A Worrying Trend

World food prices are soaring, and this is having serious consequences on people’s livelihoods in the developing world. In addition, for organizations and agencies involved in food distribution or aid, the spike in food prices is also having an adverse effect on their ability to meet the needs of their beneficiaries. In recent news:


USAID announced that the cost of wheat and other food had gone up by 41 percent setting its budget back by US$121 million, which meant it would have to reduce the amount of food aid sent overseas (more here)

With local and international food shortages, merchants in Kano’s Dawanau grain market, the largest in West Africa [Nigeria], have hiked their prices. The price of a 50kg bag of maize has doubled since September from US$21 to US$42 and a bag of millet rose from US$29 to US$42, according to Magaji Ahmad, one of the merchants. Cowpeas, which sold at US$58 are now US$100, he added (more here)

In Burkina Faso, which was badly affected by floods in 2007 and has this year been roiled by violent protests over high food prices, sacks of corn are selling for double the price they were a year earlier, setting back impoverished Burkinabe 15,000 CFA francs (US$30) a sack compared to 7,500 CFA francs (US$15), according to FCPN.

“Recent assessments indicate that that food and nutritional situation could deteriorate due to a continued rise in food product prices,” FEWSNET warned.

Food riots have also recently taken place in Guinea Conakry, Mauritania and Senegal. Those countries depend heavily on imported wheat and rice which are more affected by high global commodity prices than upheavals in the regional markets […] Stephanie Savaraud, West Africa spokeswoman for the World Food Programme (WFP) said that school feeding and supplementary feeding would be appropriate responses to help support Burkina Faso, but warned that WFP faces its own funding crunch. “Rising prices for basic commodities mean WFP needs 30 percent more money this year to feed the same number of beneficiaries,” she said. “If we don’t get that then we will need to give less food to people.”(more here)

Food Market in Ouahigouya, Burkina Faso – August 07


These problems in West Africa are obviously not happening in a vacuum – this in the context of rising food prices worldwide , due to a combination of interrelated factors, like increasing transportation costs due to the spike in oil prices, or poor crop yields in some regions because of droughts or floods. However, as usual, the poorest will bear the brunt of the current crisis – the excerpts above reveal two major consequences: one, that people are finding it increasingly harder to provide for themselves; two, that international agencies and NGOs are going to face difficulties trying to fulfill their mission – their budgets are not increasing, while their expenses are. While finding a solution to the former is a global challenge – governments all over the world are trying to address this issue – the latter problem highlights a structural problem in food aid – the fact that most food aid programs do not use local agricultural products. USAID only sends US agricultural products overseas, tapping into the giant production surplus its industry has generated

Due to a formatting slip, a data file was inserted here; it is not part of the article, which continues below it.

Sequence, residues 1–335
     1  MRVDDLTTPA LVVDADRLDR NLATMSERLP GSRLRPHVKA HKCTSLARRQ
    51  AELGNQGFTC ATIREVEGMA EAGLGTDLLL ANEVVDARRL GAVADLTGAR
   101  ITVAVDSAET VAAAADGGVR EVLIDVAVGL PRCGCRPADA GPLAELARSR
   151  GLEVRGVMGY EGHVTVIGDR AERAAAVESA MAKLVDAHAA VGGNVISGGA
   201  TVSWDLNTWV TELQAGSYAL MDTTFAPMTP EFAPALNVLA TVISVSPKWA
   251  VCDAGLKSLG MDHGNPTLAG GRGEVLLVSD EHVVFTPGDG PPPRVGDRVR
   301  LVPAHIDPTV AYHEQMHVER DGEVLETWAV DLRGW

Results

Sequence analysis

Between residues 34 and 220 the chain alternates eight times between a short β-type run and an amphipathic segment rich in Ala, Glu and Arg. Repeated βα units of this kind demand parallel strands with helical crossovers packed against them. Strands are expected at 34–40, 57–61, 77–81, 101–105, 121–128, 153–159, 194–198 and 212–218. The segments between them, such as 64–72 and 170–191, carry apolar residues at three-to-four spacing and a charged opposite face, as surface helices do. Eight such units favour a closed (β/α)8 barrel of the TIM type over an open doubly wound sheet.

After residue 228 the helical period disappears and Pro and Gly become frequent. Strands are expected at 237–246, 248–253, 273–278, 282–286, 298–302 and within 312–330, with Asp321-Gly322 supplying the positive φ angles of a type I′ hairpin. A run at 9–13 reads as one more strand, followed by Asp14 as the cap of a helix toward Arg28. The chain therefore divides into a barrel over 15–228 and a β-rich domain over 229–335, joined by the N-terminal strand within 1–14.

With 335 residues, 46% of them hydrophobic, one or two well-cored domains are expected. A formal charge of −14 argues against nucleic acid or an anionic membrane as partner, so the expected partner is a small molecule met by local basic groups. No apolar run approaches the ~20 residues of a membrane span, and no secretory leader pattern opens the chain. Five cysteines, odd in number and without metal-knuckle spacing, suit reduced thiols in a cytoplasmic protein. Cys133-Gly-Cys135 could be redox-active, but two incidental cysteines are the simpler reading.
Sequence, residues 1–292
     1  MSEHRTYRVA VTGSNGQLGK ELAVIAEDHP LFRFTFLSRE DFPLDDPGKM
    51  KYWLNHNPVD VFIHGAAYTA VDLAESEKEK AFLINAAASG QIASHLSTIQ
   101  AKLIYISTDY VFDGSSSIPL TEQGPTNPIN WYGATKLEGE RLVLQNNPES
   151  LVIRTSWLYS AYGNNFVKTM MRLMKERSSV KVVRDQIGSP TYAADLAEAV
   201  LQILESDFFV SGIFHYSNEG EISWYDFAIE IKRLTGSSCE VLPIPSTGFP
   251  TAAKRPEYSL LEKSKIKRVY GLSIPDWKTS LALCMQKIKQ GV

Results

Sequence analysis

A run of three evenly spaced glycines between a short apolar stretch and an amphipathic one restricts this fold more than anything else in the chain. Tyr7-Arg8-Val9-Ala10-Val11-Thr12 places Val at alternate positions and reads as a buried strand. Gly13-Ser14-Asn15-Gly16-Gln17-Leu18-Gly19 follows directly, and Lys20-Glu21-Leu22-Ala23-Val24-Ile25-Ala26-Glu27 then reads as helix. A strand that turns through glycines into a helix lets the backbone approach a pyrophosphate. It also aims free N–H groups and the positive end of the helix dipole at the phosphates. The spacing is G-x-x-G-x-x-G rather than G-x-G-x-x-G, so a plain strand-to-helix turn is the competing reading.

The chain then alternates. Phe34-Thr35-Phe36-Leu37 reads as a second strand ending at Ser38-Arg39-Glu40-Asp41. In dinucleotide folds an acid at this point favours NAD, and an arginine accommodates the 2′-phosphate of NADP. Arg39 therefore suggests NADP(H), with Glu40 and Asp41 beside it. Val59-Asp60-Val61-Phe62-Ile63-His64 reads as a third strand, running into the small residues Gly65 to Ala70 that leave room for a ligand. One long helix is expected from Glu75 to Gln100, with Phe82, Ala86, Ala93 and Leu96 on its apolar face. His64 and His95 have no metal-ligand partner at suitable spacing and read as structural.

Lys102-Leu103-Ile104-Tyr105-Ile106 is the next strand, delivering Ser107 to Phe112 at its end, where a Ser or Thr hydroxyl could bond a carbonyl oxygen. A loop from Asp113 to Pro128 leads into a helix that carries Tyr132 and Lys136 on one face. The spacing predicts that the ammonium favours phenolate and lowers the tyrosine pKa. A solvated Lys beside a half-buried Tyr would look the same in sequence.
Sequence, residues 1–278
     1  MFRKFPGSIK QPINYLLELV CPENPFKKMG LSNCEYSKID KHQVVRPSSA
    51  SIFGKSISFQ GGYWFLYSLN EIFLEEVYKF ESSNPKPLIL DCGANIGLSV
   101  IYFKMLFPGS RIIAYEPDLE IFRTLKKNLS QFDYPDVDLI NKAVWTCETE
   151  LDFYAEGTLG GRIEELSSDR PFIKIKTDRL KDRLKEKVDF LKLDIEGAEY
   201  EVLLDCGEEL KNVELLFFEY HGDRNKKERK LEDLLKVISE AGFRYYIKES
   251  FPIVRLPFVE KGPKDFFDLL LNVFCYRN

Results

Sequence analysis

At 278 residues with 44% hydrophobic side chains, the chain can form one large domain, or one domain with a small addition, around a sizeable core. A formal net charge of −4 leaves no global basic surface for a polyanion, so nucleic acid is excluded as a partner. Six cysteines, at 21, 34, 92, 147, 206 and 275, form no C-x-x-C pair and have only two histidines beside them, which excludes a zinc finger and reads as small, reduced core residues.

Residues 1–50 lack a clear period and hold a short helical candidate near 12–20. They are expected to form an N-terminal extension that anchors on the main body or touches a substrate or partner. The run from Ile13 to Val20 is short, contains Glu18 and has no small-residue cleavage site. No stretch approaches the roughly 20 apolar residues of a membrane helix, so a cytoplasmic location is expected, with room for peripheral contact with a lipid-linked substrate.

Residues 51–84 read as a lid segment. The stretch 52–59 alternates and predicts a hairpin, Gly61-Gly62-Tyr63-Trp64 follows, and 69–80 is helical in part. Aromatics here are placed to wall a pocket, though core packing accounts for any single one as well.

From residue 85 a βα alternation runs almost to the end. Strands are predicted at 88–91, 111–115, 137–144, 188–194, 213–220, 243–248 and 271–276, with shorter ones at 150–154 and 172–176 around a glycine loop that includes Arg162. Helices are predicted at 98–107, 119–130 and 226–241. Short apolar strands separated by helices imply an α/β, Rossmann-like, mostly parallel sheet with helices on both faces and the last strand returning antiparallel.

(on that topic, I highly recommend a documentary called “Famine Business” – I saw this at a film festival in Cape Town in 2003, and since then, it has mysteriously disappeared…. The only quote available on Google: “Film-maker Jihan El Tahri travels to Zambia to investigate claims that food aid is not necessarily the altruistic way of helping the poor that it seems. With the current Agriculture Minister for Zambia describing food-aid as ‘the use of food as a weapon of mass destruction’, El Tahri asks just who benefits from the famine business in an era of genetically modified food.”)

In any case, it seems that international agencies and organizations involved in providing food aid should place the utmost importance on supporting local agricultural production by purchasing food from local farmers. The WFP has a yearly budget which reaches nearly $3 billion – and they also have some of the lowest overhead cost of any large international agency. If these funds could be used productively, by investing in local production, this could yield some large scale benefits for producers in developing nations.

Food aid could help feed people not simply through charity – giving food to the hungry. It could also be construed as a means to boost local food producers, who find it terribly hard to export on the world market. Not only would this galvanize local economies, but it would also cut down on transportation costs. As everyone not living in a cave knows, transportation costs are soaring. Not only that, but in a world where concerns surrounding climate change and pollution are becoming increasingly important, buying locally also provides food aid agencies the opportunity to do their part in protecting the environment….

I don’t have all the answers to this incredibly worrying issue of soaring world food prices – in the short run, this could fuel instability in the poorest parts of the world (it already has in Burkina Faso and Egypt, for example.) In places like Liberia and Sierra Leone, where poverty prevails and where the threat of political instability is all too real, this becomes a serious issue. The Food Crisis Prevention Network recommends building stocks in high risk zones, and commended Burkina for subsidizing certain food products. But in countries where warehousing and stocking is dependent on fragile infrastructure, and subsidies strain already exiguous budgets, these are only band-aid solutions and do not address the root causes of the problem – at all.

Meanwhile, Haitians are eating mud cakes.

Fasten your seat belt, we will be experiencing turbulence.


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